iOS app review – 5K Runmeter

All my life I’ve been a hopeless runner. No matter how hard I tried I’ve never been able to run for more than a couple of minutes. I was determined to change that, so a few months ago I started following the Couch to 5k program, and lo and behold it worked! I can now run 5k without stopping. To follow the program I used one of the several C25k apps available, but when it came to finding an app to push me on from 5k I was lost. So I was delighted when I heard about the release of the new 5K Runmeter app from Abvio.

5K Runmeter features four training plans, 5k, 10k, half and full marathon. The 5k plan follows the Couch to 5k route of starting off with intervals of running and walking, gradually increasing the running component until you’re running 5k in one go. The other plans aim to build up your distance over time through gradual increases, with the addition of some walking days on top. All of these can be tweaked to suit your own requirements, amending which days you work out on, or adding or substituting activities such as swimming and cycling. There are plenty of options so you can set up the app perfectly, but if you just want to get straight onto a run then it’s a simple case of choosing either your plan or activity and setting off.

Runmeter provides plenty of voice coaching – for the 5k plan, switches from running to walking and vice versa are clearly announced. The app also keeps you informed of important stats such as distance and current and average pace, with the option of adding lots more such as total time, ascent and comparison against best and worst performances.

Once your run is complete, Runmeter provides plenty of information for you to analyse, with all the distance and time stats you could need, along with pace and elevation graphs, and a map of your route. There is also the option to share your completed run on Facebook, Twitter and Dailymile. Sharing isn’t limited to the finish line, either. Runmeter can post updates when you start your run, and at splits or timed intervals – great if you’ve got friends following your progress. If you receive messages of inspiration in reply to these posts, Runmeter will announce them for you as you run.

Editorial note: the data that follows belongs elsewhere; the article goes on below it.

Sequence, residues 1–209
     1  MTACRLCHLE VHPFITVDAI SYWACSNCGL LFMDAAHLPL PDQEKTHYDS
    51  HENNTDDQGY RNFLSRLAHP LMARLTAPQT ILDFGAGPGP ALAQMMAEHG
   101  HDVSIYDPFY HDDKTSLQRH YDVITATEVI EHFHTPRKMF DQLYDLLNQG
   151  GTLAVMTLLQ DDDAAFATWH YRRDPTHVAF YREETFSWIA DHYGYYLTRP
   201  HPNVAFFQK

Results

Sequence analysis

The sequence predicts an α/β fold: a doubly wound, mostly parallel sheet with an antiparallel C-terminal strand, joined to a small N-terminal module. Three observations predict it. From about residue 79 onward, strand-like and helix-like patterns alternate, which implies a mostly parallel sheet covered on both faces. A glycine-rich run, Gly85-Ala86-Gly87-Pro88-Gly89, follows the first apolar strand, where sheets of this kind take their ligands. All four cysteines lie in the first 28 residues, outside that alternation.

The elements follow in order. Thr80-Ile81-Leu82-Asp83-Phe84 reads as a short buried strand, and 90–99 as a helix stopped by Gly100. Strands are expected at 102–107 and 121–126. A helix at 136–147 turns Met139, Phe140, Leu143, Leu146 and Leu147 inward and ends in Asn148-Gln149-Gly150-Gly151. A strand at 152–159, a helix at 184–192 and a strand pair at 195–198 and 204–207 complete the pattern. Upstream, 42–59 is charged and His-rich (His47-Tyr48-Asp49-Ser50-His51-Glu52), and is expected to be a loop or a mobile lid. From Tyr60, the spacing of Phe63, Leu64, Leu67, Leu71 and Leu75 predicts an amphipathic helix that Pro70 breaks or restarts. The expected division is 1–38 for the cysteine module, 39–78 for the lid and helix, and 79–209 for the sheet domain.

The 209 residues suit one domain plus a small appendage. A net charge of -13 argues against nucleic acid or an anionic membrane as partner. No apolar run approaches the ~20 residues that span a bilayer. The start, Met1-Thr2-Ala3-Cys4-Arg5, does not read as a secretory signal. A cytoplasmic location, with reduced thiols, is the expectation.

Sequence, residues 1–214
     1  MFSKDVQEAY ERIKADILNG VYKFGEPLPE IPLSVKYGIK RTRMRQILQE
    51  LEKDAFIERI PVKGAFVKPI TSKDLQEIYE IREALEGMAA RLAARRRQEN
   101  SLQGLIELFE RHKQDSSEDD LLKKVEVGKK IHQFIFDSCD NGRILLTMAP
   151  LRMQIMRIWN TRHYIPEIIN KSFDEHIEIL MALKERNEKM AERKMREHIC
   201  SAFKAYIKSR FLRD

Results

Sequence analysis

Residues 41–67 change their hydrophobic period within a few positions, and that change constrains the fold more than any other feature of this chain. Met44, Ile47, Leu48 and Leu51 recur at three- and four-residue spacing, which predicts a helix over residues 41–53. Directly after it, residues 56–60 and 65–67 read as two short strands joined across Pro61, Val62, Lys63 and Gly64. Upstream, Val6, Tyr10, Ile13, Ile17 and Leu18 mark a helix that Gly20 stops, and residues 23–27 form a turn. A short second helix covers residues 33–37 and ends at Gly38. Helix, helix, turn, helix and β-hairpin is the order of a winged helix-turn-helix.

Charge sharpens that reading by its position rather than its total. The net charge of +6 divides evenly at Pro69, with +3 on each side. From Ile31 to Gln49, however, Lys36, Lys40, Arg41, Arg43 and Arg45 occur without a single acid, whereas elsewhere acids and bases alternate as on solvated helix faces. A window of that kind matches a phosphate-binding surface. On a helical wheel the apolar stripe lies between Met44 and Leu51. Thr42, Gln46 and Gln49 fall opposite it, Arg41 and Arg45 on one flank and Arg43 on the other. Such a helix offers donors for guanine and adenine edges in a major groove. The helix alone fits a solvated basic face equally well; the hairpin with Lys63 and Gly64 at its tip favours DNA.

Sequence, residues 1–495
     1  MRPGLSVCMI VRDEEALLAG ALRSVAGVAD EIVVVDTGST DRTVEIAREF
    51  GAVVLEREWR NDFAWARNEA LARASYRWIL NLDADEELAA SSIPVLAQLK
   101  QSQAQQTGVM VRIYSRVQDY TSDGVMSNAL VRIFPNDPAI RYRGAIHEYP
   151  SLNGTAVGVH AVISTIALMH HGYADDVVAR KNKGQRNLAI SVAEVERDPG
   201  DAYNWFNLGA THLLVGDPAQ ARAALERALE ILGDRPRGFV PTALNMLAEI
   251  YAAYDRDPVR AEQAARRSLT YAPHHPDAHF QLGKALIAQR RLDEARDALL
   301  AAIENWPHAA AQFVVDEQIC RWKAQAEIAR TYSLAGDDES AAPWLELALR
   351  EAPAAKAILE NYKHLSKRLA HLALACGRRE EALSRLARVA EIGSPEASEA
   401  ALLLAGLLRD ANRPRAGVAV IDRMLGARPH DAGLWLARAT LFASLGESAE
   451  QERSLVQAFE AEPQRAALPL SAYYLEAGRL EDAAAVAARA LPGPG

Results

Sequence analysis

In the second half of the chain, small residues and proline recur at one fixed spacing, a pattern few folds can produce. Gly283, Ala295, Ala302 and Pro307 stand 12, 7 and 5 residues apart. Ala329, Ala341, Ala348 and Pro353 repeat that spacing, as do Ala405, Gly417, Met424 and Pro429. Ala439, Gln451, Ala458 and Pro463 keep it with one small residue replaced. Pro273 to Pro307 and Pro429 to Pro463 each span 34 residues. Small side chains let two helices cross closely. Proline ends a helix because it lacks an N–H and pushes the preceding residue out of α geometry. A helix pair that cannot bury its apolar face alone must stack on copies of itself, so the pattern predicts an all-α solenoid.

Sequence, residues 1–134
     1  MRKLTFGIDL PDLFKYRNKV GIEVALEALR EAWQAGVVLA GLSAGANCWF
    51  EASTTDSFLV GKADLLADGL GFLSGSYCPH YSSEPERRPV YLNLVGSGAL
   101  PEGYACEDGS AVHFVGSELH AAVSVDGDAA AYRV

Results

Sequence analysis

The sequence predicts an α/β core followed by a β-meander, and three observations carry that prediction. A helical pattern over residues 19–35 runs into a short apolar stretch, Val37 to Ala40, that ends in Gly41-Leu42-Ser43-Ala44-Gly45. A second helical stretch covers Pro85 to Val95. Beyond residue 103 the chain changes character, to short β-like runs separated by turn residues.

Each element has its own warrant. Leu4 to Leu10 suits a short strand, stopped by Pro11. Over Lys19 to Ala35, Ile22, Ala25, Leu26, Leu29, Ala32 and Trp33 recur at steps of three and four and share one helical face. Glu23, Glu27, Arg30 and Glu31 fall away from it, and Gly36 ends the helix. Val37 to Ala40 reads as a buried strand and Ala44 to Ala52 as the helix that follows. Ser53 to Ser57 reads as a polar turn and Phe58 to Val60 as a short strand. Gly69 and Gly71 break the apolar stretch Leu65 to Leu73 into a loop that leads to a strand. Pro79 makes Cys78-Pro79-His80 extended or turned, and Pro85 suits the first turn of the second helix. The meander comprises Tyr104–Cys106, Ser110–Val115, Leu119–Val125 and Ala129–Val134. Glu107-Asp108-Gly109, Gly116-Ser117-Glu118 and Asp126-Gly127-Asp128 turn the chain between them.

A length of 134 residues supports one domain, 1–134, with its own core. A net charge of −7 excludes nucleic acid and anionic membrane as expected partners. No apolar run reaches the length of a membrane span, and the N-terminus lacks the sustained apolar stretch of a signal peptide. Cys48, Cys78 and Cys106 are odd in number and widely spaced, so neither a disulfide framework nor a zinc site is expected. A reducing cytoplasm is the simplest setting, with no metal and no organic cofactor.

I’ve been using Runmeter for the past few weeks to give it a good run-out (excuse the pun). I’ve been impressed with it throughout, and the more I’ve used it and got used to the features, the more useful it’s become. The vast array of statistics available make it easy to track progress and compare runs – the history tab is particularly useful for getting a summary of activities for each day, week or month.

The original Runmeter app was released 3 years ago, and has garnered various awards since then. It’s now on version 7 – which includes the training plans introduced here, so if you’re an existing Runmeter user there’s no need to purchase the new app. This latest version firmly cements Runmeter’s place as one of the top running apps for iOS.

5K Runmeter is available from the App Store, priced £1.99.